Health[edit]

In 1970, during his campaign for governor, White underwent surgery that removed two-thirds of his stomach. In 2001, the since-retired White suffered a heart attack that left him with a pacemaker. In his advanced age, he lost hearing in his right ear and suffered from Alzheimer's disease.[79]

See also[edit]

References[edit]

  1. ^ "'New Inaugural' in Traditional Boston Setting Today". The Boston Globe. January 1, 1968. p. 3. Retrieved March 17, 2018 – via pqarchiver.com.
  2. ^ "FLYNN INAUGURAL TO SET SOME FIRSTS". The Boston Globe. January 2, 1984. p. 1. Retrieved March 17, 2018 – via pqarchiver.com.
  3. ^ http://www.cityofboston.gov/images_documents/Guide%20to%20the%20Mayor%20Kevin%20H.%20White%20records_tcm3-50275.pdf[bare URL PDF]
  4. ^ a b c d e f g h "Former Boston Mayor Kevin White Has Died At 82". WBUR Radio. January 27, 2012. Retrieved January 30, 2012.
  5. ^ a b c d e f g h i j k l m n o Fox, Margalite (January 27, 2012). "Kevin H. White, Mayor Who Led Boston in Busing Crisis, Dies at 82". The New York Times. Retrieved January 29, 2010.
  6. ^ a b c d e f g h i j k Mooney, Brian C. (January 28, 2012). "Kevin White, mayor through era of change, dead at 82". The Boston Globe. Retrieved January 31, 2012.
  7. ^ a b Boeri, David (January 29, 2012). "Kevin White: A Reporter Remembers". WBUR Radio. Retrieved January 29, 2012.
  8. ^ a b c d Martin, Phillip (January 30, 2012). "Boston's School Desegregation Era". WGBH. Retrieved February 2, 2012. Mel King is quoted in the article: "Very frankly, the problem [the issue of government discrimination and segregation in schools] didn’t get solved until the courts made it happen."
  9. ^ Drier, Peter (May 1997). "Rent Deregulation in California and Massachusetts: Politics, Policy, and Impacts". Center for Real Estate and Urban Policy at the New York University School of Law, and the New York City Rent Guidelines Board. p. 10. Retrieved January 30, 2012.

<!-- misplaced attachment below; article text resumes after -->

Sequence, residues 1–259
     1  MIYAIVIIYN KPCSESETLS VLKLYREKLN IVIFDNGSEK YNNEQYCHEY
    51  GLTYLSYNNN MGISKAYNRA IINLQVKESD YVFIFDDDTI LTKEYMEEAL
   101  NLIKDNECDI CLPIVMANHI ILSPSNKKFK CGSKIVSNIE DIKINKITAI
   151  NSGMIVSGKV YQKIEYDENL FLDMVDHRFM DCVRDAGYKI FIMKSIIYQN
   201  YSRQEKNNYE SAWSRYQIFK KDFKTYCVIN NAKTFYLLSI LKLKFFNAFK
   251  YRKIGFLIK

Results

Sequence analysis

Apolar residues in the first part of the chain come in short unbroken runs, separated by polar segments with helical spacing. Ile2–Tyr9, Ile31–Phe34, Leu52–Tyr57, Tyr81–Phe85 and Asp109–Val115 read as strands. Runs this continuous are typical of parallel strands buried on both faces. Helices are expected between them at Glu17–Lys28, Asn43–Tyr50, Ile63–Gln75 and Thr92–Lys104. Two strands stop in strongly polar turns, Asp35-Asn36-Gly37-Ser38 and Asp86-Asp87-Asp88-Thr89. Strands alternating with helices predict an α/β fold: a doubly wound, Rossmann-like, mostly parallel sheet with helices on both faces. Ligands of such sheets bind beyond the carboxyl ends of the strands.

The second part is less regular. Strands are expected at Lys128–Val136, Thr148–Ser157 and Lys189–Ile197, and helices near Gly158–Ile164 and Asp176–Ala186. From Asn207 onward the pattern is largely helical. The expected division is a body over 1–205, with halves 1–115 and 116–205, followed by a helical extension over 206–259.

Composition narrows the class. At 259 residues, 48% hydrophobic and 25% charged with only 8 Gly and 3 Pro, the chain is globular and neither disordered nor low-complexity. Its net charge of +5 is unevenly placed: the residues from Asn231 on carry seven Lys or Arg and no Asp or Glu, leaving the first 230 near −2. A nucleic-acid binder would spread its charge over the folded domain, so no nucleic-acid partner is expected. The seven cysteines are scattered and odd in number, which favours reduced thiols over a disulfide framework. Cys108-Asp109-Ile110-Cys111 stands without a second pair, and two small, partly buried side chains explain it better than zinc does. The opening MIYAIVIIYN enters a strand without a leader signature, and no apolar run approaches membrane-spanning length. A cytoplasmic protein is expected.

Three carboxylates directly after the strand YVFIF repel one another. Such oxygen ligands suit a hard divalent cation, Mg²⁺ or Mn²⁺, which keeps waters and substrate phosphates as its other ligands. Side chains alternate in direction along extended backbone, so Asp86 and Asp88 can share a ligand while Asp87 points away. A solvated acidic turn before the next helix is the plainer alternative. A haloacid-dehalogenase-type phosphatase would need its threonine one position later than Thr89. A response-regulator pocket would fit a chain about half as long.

10. ^ a b c "Louise Day Hicks: Representative, 1971–1973, Democrat from Massachusetts". Women in Congress. Office of the Clerk, United States House of Representatives. Archived from the original on March 11, 2016. Retrieved May 3, 2017.
  11. ^ Farrell, John A., Tip O'Neill and the Democratic Century (Boston: Little, Brown, 2001), p. 522
  12. ^ "Annual report of the Board of election commissioners". Boston [Election Dept.]
  13. ^ Greene, Roy; Knothe, Alli; Young, Colin A. (January 31, 2012). "The far-reaching influence of Kevin White". The Boston Globe. Retrieved January 31, 2012.
  14. ^ a b c d e f g Chideya, Farai (April 1, 2008). "The Night James Brown Saved Boston". Retrieved February 2, 2012. Interview of David Leaf and review of the documentary The Night James Brown Saved Boston by David Leaf
  15. ^ a b c d Trott, Robert W. (April 5, 1993). "How Brown soothed a city". Freelance Star (Fredericksburg VA). Associated Press. Retrieved February 2, 2012.
  16. ^ Navin, Mark (January 30, 2012). "Former Longtime Boston Mayor And The Infamous James Brown Concert". WBUR Radio. Retrieved February 2, 2012. (With a link to video of Kevin White's statement on stage, and James Brown's introductory number of the performance.)
  17. ^ a b Brown, Steve (January 29, 2012). "Kevin White's Legacy: A Larger-Than-Life Mayor". WBUR Radio. Retrieved January 30, 2012.
  18. ^ Johnson, Bill (February 17, 2010). "VIDEO: "The Night James Brown Saved Boston"". The Urban Daily. Retrieved February 2, 2012. Article contains links to the video "The Night James Brown Saved Boston, by David Leaf
  19. ^ Weisberg, Stuart E. (2009). Barney Frank: the story of America's only left-handed, gay, Jewish congressman. p. 83. ISBN 9781558497214.
  20. ^ a b c Pfeiffer, Sacha; Jolicoeur, Lynn (January 30, 2012). "White's Busing Legacy His 'Biggest Blemish,' Says Former City Councilor". WBUR Radio. Retrieved January 31, 2012. Interview with Bruce Bolling, former White staffer and subsequently Boston City Council President.
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Further reading[edit]

External links[edit]

Political offices
Preceded by Massachusetts Secretary of the Commonwealth
1961–1967
Succeeded by
Preceded by Mayor of Boston
1968–1984
Succeeded by
Party political offices
Preceded by Democratic nominee for Governor of Massachusetts
1970
Succeeded by